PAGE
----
So who's going to pay him? Expect every club with a need for starting pitching to sniff around, including the Yankees, Los Angeles Dodgers, Boston Red Sox and San Francisco Giants, four of baseball's five biggest spenders, per Spotrac.com. And don't count out the possibility that the Nats will bring him back.
But here's another intriguing possibility: the Chicago Cubs.
Zimmermann is a native of Wisconsin and, as Fox Sports' Ken Rosenthal posited in August, "might prefer to return to the Midwest."
During the general managers meetings last November, word leaked that the Chicago Cubs were "in talks" to acquire Zimmermann, per Gordon Wittenmyer of the Chicago Sun-Times. The buzz was killed by multiple sources, including Nats GM Mike Rizzo, who told James Wagner of the Washington Post it had "no basis."
Now, however, with a trip to the National League Championship Series whetting their appetite, the Cubs could look to add Zimmermann to a rotation that already boasts veteran lefty Jon Lester and NL Cy Young hopeful Jake Arrieta, and get themselves over the long-elusive championship hump.
No. 8: Alex Gordon, LF
2015 Stats: 104 G, .271/.377/.432, 13 HR, 48 RBI, 2.8 WAR
Even as he basks in the glow of the Royals' World Series win, Alex Gordon will decline his $12.5 million player option for 2016.
Why wouldn't he? He's 31 years old and widely regarded as one of the best defensive left fielders in the game. Even without eye-popping power numbers, the three-time All-Star and four-time Gold Glove winner should make a mint on the open market.
Is Kansas City, the franchise that drafted him, willing to pay up?
"I want to be back, trust me," Gordon said, per KCTV's Chris Oberholtz. "This is my home. I love Kansas City. I love the fans. I love everything about Kansas City. I couldn't see myself anywhere else. So, I hope it works out."
"I hope it works out" is one of those lines that should be accompanied by a cartoon cash register sound effect. Gordon wants more money and years, period, and the small-market Royals, Fall Classic revenue notwithstanding, may be unwilling or unable to oblige.
Sherman cited the Astros and Cubs as possible suitors, but he tossed in the Boston Red Sox as another, eyebrow-raising possibility.
"[Boston] probably has too many outfielders for too few spots," Sherman wrote. "But executives tell me that Red Sox officials have always liked Gordon and so has new Boston president Dave Dombrowski from his time in the AL Central as the Tigers' GM."
It might seem an odd play for the Red Sox, considering their need for starting pitching and the outfield glut Sherman referenced.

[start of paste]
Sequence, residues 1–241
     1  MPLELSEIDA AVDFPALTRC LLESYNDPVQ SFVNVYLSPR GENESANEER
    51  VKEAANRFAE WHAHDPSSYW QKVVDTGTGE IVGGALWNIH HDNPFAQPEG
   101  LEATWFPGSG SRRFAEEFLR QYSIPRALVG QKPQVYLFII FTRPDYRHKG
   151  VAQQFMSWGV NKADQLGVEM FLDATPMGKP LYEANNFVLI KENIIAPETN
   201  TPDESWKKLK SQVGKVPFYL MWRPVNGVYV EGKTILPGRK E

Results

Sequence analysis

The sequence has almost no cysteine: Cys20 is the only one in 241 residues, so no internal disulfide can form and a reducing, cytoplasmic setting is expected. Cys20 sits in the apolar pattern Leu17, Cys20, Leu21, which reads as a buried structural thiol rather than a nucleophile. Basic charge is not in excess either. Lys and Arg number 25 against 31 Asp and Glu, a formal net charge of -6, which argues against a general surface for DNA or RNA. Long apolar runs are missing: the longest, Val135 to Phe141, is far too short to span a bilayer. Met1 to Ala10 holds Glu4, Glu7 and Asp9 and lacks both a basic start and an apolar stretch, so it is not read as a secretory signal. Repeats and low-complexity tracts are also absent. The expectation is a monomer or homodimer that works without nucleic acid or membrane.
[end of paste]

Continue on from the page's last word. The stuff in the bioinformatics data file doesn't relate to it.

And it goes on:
But Boston will be looking for a wholesale overhaul after a hugely disappointing 2015 season, and a well-regarded player with a championship pedigree could prove too tempting to pass up.
No. 7: Chris Davis, 1B/OF
2015 Stats: 160 G, .262/.361/.562, 47 HR, 117 RBI, 5.6 WAR
After a disappointing 2014 marred by an oblique injury, an amphetamine suspension and diminished production, Chris Davis reestablished himself as one of the game's top power bats.
The big lefty swinger, who'll turn 30 in March, led all of baseball with 47 home runs. And while he also struck out an MLB-leading 208 times, he figures to command top years and dollars in a league that's starved for mashers.
CBS Sports' Jon Heyman reported that Baltimore Orioles owner Peter Angelos "has taken an interest" in re-signing Davis, but there's zero chance Davis won't test the market.
And as Nelson Cruz did last winter, there's also a good chance Davis may bolt from Baltimore for a bigger payday elsewhere.
That could be almost anywhere. Davis can play first base as well as the corner outfield spots, and there isn't a team in either league that would say no to a 40-home run bat in the middle of its lineup.
The Houston Astros are an interesting option. Davis is a native of Texas, and his pop would play well at hitter-friendly Minute Maid Park. But it remains to be seen if the spendthrift 'Stros are willing to spend after making their first playoff appearance in a decade.
A reunion with the Texas Rangers, where Davis began his big league career, is also a possibility.
But another AL West club, the Los Angeles Angels, might be the best fit of all.
Albert Pujols logged just 95 games at first base last year and will soon need to make the transition to full-time designated hitter. The Angels could also put Davis in left field, as Heyman recently suggested.
The bottom line: After scoring the fourth-fewest runs in the American League, the Halos should be looking for bats to stack around Mike Trout. And a Davis-Trout tandem would be fearsome, to say the least.